A Hurricane of News and Views

27 08 2011

By looking at ABC.com’s coverage of Hurricane Irene that has spanned the past couple of days, it is evident that the way social media and news consumer input can be integrated to complement the traditional method of reporting news is still not quite complete.  With the immediacy of information, photographs and reaction that both the internet and social media can provide, it leads to a double-edged sword that on one side can be viewed as a wealth of information but on the other hand can quickly turn into information overload.

The home page of ABC news from Saturday night is a good example.  The main headline reads “HURRICANE IRENE: 8 Known Dead, 2 Million Without Power”.  Underneath the main headline lies the link to the full story which is flanked by two other links – to the Comments section and to the Photos/Videos section.  Events of recent times like the Japanese tsunami and the unrest in Iran have highlighted that in significant national events or natural disasters, immediate reaction from people on the scene can really add substance to a news story.  Comparing the Comments section and the Photos/Videos section shows what advantages and disadvantages can occur when using this information.

Firstly the negative side.  Contributors to the Comments section are asked if they have any more information on the topic.  However when you scan through the list of 148 (at the time of writing) comments they are mostly people having unrelated political arguments or are just randomly mocking each other.  For every worthy comment giving information from people who are affected, there are tens more that have no value at all.  There are also links to the ABC Facebook and Twitter pages where even more inane user comments accompany other stories about the subject.  On the other hand the Photos/Videos section really does show the advantage of consumer input.  The photos submitted (some from literally hours before) can take the reader/viewer directly to the scene in a way newspapers can only do the following day at the earliest.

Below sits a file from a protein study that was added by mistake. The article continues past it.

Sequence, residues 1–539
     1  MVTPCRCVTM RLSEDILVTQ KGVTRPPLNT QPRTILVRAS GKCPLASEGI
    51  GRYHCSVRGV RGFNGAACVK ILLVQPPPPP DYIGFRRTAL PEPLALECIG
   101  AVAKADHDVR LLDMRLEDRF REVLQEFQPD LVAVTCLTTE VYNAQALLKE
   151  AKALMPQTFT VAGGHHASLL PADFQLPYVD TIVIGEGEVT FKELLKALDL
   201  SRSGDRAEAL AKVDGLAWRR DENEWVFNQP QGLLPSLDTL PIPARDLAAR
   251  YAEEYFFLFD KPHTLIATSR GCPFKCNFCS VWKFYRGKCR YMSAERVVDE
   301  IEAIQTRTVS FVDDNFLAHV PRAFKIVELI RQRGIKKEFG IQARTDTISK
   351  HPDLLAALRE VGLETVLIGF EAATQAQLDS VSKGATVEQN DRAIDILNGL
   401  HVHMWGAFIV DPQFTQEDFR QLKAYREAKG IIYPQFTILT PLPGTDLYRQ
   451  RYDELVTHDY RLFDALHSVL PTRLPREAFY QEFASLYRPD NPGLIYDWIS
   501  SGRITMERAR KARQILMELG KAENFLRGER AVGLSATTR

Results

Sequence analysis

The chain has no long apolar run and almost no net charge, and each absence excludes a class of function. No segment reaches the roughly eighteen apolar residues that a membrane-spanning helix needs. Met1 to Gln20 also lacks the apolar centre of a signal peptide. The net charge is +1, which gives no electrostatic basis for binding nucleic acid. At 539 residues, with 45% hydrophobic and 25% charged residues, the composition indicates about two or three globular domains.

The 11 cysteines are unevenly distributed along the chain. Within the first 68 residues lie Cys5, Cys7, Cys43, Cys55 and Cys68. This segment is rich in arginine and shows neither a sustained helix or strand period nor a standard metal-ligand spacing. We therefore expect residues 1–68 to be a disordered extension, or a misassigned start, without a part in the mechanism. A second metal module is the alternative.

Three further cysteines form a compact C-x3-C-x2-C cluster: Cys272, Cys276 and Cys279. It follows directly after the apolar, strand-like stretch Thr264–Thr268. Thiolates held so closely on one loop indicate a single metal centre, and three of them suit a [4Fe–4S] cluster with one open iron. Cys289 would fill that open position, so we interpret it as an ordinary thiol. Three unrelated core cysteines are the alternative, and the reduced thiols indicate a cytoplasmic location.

In Vadim Lavrusik’s article about how the web era is leading to the rethinking of the way stories are structured he notes that “conversation around the story has become, at this point, almost as important as the story itself”.  Positioning the Comments link directly beside the actual link to the story only enforces his point.  Lavrusik also argues that context is one of the most crucial features in online storytelling and it appears as though ABC still have to find the right balance between what provides good context to a story (eg – the Photos/Video section or Live Storm Tracker) and what does not add a great deal of context to a story (eg – the unedited Comments section or links to more inane comments on their Facebook page).




5 responses

28 08 2011

I like what you had to say about the ABC News website. It’s interesting to see a non American’s views on our own news. You make a very good point that oftentimes the comments on both the stories themselves and the social media sites aren’t very much related to the stories themselves at all, but my question to you is how can that be improved. I really am trying to think through that and I can’t come up with a good idea. So what do you think?